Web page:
A joint U.S. and Canadian commission that regulates halibut voted last week to boost this year’s fishing limits for the valuable bottomfish.
The International Pacific Halibut Commission held its annual meeting virtually January 24th through the 28th. It sets the overall combined annual limits for commercial, sport and subsistence fisheries stretching from Alaska to California.
The commission approved this year’s total coast-wide limit at 41.22 million pounds, more than a five percent increase from last year.
Commission scientist Ian Stewart reported on some more encouraging signs from halibut surveys and fishing.
“I’d like to start with some good news which is that we saw indices up in 2021, with younger fish, particularly the 2012 year class moving into the stock,” Stewart told the commission.
Scientists estimate that stocks have been declining for the past five years. But Stewart said fish born in 2012 could stop that trend. He also noted for the past two years that fisheries on most parts of the coast have fallen short of catch limits.
“The end result is that we’ve experienced less fishing on the stock for the last two years than we would have seen anytime over nearly the last decade,” he said.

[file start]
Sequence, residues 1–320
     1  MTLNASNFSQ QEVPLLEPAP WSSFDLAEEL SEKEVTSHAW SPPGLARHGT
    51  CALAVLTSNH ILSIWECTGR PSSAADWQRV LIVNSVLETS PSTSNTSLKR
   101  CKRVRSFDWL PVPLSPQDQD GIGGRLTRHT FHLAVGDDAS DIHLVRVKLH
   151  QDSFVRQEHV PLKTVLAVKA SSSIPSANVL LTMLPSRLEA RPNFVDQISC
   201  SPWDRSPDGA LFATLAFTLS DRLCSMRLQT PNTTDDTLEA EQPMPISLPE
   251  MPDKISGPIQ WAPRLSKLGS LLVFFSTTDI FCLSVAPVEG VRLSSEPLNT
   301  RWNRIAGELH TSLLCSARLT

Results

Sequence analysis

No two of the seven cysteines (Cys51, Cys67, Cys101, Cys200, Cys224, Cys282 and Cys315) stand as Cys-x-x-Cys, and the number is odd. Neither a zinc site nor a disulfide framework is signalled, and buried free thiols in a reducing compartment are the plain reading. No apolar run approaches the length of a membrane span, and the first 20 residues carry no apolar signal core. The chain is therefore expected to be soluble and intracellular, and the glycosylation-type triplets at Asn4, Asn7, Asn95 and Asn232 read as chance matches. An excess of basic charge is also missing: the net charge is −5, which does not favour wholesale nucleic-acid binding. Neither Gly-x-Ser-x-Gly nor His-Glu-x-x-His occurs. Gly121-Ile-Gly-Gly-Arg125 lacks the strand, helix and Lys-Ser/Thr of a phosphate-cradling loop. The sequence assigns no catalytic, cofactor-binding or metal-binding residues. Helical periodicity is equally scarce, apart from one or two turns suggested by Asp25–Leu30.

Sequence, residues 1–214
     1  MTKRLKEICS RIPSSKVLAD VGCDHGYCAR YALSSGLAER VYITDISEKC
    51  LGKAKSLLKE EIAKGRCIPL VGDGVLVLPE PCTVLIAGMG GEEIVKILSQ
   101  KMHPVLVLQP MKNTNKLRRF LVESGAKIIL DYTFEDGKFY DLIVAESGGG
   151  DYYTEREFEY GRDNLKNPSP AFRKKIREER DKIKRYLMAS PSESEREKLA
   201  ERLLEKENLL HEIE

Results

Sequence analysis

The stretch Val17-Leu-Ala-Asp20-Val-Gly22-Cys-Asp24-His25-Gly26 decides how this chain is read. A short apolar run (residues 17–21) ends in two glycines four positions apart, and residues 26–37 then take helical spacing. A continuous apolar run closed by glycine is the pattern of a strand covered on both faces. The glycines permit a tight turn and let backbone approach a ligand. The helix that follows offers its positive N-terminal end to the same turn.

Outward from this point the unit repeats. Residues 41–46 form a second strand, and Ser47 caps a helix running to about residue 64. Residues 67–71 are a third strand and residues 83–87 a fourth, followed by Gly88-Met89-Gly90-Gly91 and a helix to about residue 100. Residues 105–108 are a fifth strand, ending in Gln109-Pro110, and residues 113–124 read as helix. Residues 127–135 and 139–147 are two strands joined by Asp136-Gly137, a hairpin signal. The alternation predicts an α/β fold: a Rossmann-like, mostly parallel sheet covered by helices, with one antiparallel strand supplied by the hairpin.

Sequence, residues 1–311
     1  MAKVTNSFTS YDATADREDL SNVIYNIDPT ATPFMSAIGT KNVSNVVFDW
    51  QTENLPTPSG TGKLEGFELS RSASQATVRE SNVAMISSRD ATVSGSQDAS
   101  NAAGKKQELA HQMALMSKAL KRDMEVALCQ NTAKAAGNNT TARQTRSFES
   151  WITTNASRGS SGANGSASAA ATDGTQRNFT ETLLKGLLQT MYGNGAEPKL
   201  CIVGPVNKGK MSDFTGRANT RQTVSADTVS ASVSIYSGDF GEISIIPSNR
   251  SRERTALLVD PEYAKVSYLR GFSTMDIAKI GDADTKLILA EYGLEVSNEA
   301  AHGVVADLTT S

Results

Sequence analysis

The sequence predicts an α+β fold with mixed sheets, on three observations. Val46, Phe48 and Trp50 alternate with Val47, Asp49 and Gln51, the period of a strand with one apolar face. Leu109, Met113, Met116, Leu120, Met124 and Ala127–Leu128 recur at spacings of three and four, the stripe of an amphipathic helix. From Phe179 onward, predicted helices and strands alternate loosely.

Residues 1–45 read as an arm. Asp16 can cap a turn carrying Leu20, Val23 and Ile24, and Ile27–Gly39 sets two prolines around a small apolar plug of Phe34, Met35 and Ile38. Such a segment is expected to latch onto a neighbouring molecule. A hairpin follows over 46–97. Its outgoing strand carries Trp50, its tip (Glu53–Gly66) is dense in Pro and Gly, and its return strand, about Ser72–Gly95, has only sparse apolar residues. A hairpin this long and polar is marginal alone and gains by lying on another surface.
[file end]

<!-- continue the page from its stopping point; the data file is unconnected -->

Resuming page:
Over the past century, annual catches along the coast have ranged from a low of 34 million pounds to a high of around 100 million pounds. The last two years have seen total landings near the bottom of that range. Those numbers include the catches from fisheries targeting halibut along with the bycatch from other fisheries.
The increase approved for this year doesn’t apply to all parts of the coast equally. For Southeast Alaska, area 2C, it will mean a hike of closer to two percent, and it’s nearly four percent for area 3A, or the central Gulf of Alaska. Area 2B, the coast of British Columbia, sees an overall increase of around 8 percent. Area 3B in the western Gulf of Alaska sees a 25 percent increase.
The combined limit for all fisheries in Southeast area 2C goes up by 110,000 pounds from last year. It’s set at 5.91 million this year and was 5.8 million last year. The combined limit in the central gulf increases 550,000 pounds. It’s 14.55 million in 2022, and was 14 million last year.
The commission also approved management measures for charter fishing in Southeast and the central gulf. In Southeast those will mean a continued one-fish bag limit but the size limit is more restrictive. That fish has to be 40 inches or under, or bigger than 80 inches. Both guided and unguided recreational fisheries exceeded harvest limits in Southeast last year.
Like last year the commercial fishing season for halibut this year along much of the coast will be March 6th through December 7th. The halibut commission will be marking its 100th year in 2024.